I am happy to announce that for part of the summer some of my artwork will be shown at The Hive Taproom in East Troy, Wisconsin. The series is called “Places we used to farm.” The project consists of farms and farming equipment that until recently were still in use. It was one of those things you didn’t notice it until they were gone.
I first move to the area full time in 2002 to attend college and never really left. When I moved down from central Wisconsin, there were a few more operational farms than there are today. While in college I had several photography classes and with them came projects. Because of these projects I quickly became acquainted with the backroads of Walworth and surrounding counties.
This spring I was out driving around the county doing a few bids for the aerial part of Vagabond Photography and started to notice some of the buildings I photographed in college were gone and with the looming reality of what is coming in the future on the family’s(uncle & cousins) farm in Central Wisconsin I decided I wanted to capture some of these farms before they are lost to the ages or swallowed up by bigger farms or turned into a dreaded subdivision.
In Wisconsin alone we lost some 300 farms from January of 2019 through May and 700 farms in the 2018 according to the Journal Sentinel in a recent story “Struggling to tread water: ...” published on May 18th. Much of this is because of the lower demand for milk and dairy related products and some of the trade war related matters. Its sad, but my hope is that even though those stanchions are no longer filled with dairy cattle, the farmers can transition to crop farming or beef. With the way the weather has been out west in the plane states this spring and early summer they may be needed.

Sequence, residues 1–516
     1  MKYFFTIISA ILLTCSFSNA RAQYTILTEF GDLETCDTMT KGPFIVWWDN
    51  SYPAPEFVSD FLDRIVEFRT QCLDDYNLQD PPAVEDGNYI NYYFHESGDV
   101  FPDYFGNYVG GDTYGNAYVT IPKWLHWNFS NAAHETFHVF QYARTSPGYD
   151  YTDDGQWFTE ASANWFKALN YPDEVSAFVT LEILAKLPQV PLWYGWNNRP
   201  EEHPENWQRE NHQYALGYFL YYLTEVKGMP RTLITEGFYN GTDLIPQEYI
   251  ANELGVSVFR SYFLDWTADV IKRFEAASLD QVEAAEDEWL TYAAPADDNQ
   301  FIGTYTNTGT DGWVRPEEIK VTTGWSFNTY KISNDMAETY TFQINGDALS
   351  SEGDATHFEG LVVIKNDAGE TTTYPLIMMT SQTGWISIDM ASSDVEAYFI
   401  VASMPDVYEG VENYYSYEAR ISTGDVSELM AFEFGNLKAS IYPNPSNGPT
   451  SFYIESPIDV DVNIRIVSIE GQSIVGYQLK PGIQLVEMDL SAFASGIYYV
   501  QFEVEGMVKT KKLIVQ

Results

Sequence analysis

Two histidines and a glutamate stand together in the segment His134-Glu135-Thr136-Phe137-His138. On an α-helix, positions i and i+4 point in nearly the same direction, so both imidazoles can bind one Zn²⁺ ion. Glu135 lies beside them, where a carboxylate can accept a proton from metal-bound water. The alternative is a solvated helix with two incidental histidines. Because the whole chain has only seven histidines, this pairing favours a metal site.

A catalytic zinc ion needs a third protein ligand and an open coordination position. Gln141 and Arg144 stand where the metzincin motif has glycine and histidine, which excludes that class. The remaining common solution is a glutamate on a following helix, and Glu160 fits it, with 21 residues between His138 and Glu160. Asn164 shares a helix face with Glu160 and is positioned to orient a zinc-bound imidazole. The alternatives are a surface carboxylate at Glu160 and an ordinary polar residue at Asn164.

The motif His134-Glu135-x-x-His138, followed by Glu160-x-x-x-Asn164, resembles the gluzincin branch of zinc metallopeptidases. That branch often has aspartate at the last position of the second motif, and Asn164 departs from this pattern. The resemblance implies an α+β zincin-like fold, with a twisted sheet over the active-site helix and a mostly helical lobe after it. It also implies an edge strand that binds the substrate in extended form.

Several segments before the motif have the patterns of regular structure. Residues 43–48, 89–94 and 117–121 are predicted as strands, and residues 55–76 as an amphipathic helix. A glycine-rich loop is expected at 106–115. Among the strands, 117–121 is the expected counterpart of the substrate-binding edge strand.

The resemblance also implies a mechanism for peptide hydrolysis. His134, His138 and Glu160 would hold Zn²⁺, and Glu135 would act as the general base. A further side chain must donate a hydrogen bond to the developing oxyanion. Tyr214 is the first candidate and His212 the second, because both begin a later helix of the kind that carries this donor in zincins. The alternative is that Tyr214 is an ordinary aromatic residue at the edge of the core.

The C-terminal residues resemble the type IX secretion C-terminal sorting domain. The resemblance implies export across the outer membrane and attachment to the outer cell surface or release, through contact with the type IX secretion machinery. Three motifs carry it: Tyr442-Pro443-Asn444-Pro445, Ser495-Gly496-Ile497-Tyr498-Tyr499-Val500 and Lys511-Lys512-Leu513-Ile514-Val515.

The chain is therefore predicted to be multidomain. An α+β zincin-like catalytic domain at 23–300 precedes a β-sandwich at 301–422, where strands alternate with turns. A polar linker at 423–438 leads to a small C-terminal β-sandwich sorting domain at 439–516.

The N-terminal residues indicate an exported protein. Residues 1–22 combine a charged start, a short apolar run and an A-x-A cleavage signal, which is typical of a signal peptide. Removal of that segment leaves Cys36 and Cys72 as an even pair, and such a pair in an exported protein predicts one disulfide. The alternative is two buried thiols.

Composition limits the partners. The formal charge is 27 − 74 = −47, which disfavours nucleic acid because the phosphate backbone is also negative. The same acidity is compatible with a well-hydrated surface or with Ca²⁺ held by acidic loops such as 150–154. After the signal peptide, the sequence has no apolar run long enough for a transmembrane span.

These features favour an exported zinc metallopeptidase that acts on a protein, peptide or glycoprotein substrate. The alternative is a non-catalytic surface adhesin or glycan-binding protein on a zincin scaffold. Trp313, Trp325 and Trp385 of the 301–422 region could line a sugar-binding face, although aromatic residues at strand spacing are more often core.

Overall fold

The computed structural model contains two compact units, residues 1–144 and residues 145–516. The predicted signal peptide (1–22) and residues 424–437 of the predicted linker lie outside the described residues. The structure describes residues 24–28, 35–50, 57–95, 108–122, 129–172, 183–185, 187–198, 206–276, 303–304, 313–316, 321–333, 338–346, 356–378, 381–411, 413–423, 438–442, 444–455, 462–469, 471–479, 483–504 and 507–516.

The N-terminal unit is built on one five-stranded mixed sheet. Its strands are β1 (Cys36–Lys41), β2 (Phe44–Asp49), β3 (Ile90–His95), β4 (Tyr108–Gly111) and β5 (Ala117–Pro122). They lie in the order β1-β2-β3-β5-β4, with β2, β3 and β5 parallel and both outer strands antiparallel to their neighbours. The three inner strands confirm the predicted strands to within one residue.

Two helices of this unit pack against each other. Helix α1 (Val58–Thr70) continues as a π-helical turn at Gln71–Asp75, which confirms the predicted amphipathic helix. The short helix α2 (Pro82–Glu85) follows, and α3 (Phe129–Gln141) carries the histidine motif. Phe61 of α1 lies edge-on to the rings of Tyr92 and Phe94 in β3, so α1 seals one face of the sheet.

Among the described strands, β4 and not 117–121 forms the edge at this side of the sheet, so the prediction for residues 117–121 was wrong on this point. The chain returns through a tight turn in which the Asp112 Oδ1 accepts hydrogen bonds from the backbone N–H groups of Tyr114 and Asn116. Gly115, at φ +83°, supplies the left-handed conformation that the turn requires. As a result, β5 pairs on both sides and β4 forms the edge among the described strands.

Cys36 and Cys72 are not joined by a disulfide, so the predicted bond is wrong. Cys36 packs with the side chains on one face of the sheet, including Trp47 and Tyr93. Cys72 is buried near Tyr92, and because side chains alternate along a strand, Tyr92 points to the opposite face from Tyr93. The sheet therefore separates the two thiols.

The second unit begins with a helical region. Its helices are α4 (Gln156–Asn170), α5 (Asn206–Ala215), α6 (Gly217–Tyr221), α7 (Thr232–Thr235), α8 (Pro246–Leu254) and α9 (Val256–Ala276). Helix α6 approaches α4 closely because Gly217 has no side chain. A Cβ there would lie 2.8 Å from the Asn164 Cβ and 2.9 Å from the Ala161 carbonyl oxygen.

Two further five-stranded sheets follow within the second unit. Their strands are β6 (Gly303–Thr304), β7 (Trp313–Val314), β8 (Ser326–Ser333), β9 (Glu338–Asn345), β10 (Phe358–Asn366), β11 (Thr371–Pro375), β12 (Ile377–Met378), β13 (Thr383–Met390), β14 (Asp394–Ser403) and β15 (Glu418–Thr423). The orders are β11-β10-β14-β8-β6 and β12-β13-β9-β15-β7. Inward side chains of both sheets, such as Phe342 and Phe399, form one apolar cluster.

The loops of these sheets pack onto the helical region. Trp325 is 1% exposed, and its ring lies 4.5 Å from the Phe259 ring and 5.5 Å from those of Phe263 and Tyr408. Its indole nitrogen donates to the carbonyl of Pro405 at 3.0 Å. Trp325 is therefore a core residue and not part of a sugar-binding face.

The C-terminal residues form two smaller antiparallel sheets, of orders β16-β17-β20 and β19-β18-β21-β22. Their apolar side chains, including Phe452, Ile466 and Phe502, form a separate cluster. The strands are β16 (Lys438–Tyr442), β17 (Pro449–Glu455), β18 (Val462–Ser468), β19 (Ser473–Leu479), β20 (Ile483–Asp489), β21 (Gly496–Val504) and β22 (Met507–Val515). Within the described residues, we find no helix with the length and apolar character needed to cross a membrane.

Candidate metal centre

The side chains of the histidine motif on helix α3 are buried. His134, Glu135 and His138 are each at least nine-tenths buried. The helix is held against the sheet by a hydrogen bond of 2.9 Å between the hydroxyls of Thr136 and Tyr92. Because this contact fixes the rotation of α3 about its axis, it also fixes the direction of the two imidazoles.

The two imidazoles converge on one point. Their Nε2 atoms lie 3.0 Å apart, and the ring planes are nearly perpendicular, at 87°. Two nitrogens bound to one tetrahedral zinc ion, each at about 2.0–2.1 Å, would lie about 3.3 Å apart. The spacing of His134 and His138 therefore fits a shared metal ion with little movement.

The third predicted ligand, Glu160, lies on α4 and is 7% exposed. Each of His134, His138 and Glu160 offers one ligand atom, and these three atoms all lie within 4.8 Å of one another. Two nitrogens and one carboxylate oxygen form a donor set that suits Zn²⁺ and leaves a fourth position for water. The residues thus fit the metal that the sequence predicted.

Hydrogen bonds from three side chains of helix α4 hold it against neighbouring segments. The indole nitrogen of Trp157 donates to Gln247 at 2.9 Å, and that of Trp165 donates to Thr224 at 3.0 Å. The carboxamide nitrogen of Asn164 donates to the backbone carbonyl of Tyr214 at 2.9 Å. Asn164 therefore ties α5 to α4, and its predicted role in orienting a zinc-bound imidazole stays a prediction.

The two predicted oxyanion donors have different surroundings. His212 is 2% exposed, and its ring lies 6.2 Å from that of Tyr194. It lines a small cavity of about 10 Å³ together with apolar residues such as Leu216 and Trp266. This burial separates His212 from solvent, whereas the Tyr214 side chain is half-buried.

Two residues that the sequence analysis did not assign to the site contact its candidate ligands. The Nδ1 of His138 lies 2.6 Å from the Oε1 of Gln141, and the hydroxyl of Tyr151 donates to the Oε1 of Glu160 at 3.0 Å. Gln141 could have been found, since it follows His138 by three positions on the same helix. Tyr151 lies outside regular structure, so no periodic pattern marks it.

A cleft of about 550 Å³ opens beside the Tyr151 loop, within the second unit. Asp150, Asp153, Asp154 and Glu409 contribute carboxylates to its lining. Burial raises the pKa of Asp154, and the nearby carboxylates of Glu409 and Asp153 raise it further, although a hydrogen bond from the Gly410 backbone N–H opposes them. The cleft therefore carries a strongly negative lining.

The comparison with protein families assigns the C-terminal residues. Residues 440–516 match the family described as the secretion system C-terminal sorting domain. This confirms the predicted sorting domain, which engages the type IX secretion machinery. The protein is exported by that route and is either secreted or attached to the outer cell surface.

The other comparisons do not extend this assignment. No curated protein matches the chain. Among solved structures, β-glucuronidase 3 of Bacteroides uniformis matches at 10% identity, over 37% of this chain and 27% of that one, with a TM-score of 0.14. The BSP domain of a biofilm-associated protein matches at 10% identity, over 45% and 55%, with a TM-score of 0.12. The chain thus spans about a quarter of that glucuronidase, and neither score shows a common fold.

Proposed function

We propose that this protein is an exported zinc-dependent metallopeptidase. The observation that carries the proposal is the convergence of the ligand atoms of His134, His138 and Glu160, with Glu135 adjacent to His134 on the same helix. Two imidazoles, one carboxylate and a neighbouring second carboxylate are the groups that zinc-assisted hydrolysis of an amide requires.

This is a project that I intend to keep after because it has meaning and I think it bears remembering where we came from. What is currently on display at The Hive Taproom is just farms from Walworth Co. Wisconsin as I have more time to travel an explore, I intend to capture more and more of these farms before they are lost.
I want to thank Tim and Ayla owners of The Hive Taproom and M-Jai (manager) for giving me a place to showcase the more artistic side of my business which I feel I don’t get to show enough. The Hive Taproom is a great place to hang out at, meet new people and enjoy a cool alcoholic beverage made with honey(mead). They are open Thursday through Sundays and the art on the wall changes regularly with other local artists showcasing their work.